After I finally let loose with my yaybook/boomarriage post, I thought I resolved to post more often. And why not? My name and putrid personal life are out there now, writ large, in 1080i HD. It feels good to spill a few guts now and then, doesn't it? So let's spill already!
Then I kind of went into a funk.
I was strolling through a big-box book retailer and was delighted to find "Things I Learned..." in the Parenting section. This is a step up from one of the first blogging anthologies (I forget its title, but it had something to do with Eating Your Young, I think), which was wedged in the Computer section among the five-inch-thick Geek Bibles, C++ programming and such. Hooray, I thought. Blogging seems just that much closer to mainstreamier media, and this new book might be found by browsers whose aren't wearing binary code.
Two books over, there was a book called "Long-Distance Dad." Which made me think about how soon I'll have to move out, which made me shuffle home and fall asleep in my clothes. I'm not a depressive type, but I am a champion-caliber brooder. And since I tend to internalize problems, I usually process interpersonal conflict by wondering what I could have done differently. With a few autonoogies for good measure.
So I was perusing the real-estate listings and letting myself mourn a little when I got a lovely e-mail about my essay from a reader in far deeper doo-doo than I. Of all the correspondence I've gotten about it (and thank you all for writing, as every bit helps), hers stood out for its optimism and grit. Although she didn't say it in so many words, she basically beat me with the tough-love stick, telling me to suck it up, walk it off, and dare to be happy again. And wouldn't you know it, the next day I actually ate breakfast.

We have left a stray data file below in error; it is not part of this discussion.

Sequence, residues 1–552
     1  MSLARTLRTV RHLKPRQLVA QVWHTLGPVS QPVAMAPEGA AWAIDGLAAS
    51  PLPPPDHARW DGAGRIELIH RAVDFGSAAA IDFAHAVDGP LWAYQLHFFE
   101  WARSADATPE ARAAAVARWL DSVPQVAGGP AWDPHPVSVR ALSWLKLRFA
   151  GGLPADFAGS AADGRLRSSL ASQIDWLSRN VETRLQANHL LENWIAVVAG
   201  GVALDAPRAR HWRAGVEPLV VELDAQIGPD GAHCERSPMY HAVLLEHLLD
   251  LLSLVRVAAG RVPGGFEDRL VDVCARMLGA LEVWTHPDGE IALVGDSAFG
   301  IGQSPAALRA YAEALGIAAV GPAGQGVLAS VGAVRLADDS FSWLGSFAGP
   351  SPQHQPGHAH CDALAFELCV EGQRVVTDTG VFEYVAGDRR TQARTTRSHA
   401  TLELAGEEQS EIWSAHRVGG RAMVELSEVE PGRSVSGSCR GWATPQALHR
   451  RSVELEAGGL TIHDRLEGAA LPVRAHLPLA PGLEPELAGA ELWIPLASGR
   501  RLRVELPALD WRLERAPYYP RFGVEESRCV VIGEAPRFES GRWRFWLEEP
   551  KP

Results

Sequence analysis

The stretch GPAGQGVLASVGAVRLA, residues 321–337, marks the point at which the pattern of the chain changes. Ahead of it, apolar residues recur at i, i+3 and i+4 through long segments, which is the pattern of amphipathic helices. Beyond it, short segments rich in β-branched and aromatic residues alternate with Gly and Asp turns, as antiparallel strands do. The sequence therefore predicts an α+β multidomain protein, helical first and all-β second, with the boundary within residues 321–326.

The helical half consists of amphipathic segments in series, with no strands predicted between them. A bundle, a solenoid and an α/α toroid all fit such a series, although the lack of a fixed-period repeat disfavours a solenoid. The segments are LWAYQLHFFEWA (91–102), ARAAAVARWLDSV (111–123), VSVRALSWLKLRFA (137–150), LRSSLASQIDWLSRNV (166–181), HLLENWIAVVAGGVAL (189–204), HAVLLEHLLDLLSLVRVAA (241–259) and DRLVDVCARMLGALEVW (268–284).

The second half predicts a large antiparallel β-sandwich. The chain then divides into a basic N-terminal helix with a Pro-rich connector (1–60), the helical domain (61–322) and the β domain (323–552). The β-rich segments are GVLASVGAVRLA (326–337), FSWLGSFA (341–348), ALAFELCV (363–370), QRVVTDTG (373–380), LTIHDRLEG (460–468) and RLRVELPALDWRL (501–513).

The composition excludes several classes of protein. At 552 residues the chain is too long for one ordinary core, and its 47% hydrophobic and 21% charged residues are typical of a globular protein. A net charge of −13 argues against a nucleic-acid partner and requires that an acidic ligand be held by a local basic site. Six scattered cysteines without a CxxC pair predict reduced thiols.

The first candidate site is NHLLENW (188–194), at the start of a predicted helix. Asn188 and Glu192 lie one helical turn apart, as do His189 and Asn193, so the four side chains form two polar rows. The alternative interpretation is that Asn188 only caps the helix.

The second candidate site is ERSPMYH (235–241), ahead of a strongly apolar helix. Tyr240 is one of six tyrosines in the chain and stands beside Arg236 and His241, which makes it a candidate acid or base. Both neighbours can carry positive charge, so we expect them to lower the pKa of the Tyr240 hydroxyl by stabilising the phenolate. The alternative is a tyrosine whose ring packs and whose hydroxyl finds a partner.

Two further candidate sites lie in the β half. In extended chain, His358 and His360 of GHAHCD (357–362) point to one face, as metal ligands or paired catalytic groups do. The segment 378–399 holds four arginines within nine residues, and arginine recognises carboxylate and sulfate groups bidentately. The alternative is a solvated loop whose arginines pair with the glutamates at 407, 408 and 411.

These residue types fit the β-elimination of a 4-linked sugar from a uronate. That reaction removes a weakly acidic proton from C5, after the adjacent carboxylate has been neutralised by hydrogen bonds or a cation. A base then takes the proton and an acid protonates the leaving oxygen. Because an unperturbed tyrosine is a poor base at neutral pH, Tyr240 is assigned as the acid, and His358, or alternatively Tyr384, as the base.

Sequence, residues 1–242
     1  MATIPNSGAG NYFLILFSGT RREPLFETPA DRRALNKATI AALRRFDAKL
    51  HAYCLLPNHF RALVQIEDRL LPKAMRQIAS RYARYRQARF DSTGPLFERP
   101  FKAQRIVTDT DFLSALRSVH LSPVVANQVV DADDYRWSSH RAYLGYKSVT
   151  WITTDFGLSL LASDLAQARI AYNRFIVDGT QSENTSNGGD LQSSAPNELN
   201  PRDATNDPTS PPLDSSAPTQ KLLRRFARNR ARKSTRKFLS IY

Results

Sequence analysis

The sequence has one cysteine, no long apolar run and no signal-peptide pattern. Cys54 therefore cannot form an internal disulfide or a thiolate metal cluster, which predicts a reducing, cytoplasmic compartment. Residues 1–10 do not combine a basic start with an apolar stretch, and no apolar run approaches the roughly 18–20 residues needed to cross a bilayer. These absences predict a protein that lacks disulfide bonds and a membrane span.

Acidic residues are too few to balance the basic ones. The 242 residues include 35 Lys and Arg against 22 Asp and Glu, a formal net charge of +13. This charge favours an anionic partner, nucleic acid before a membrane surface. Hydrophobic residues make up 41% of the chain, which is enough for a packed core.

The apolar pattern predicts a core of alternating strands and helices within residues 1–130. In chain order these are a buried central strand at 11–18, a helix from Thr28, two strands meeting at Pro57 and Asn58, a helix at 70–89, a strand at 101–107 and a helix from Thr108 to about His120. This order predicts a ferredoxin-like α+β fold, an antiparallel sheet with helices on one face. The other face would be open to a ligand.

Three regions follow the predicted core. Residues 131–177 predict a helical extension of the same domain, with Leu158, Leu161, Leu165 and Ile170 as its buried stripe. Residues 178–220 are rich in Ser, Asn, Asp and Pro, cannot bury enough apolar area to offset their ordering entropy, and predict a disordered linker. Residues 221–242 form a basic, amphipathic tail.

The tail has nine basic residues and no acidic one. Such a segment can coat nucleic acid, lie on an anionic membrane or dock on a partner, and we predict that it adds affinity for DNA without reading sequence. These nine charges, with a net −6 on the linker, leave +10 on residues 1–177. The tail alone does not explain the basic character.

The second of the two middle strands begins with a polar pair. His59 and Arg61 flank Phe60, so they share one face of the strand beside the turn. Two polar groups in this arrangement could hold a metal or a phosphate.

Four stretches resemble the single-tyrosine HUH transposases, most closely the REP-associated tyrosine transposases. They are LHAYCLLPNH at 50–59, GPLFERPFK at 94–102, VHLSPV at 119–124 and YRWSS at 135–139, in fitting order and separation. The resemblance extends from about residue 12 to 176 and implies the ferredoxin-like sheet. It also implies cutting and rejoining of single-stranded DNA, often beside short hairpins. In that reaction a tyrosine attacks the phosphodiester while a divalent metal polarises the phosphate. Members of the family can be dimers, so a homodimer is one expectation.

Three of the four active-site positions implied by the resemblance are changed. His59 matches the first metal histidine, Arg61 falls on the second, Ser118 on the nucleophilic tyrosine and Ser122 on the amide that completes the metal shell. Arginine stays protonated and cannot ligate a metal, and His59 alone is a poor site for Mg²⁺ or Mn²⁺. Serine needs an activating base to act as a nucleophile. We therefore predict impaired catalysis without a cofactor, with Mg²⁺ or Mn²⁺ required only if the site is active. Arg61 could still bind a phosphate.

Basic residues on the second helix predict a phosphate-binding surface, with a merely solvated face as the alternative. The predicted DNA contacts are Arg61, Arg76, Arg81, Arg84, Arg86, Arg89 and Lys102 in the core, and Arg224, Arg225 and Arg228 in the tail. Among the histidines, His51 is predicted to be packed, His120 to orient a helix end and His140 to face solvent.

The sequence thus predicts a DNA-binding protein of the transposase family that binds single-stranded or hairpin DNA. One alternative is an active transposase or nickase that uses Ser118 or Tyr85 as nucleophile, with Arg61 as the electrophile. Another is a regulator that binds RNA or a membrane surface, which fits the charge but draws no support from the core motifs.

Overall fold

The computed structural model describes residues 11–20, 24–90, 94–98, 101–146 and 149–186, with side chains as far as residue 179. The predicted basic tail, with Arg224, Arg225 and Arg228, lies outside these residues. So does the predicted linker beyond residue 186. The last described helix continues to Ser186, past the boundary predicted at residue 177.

The key, I've found, is to focus on the scads of good that will come of this. To quit dwelling on regret for the past and pessimism over the future. To look at the earnest young kindergartener up on the stage at his Spring Concert, and his little brother dancing in the aisle, and realize that even though I feel unlucky sometimes, my overall luckmeter is still pretty far on the plus side.
Turns out, this is an excellent strategy for mental well-being. We were at that concert the other night, in our perfectly-vantaged aisle seats. Just as I was lining up the perfect picture of Robert belting out "Splish-Splash" at the top of his lungs, a clueless, fat-assed parent stood up in the aisle, oblivious to all the shutterbugs behind her, and waved at her kid for a good four minutes. I was in such a good mood that I succeeded in not killing her.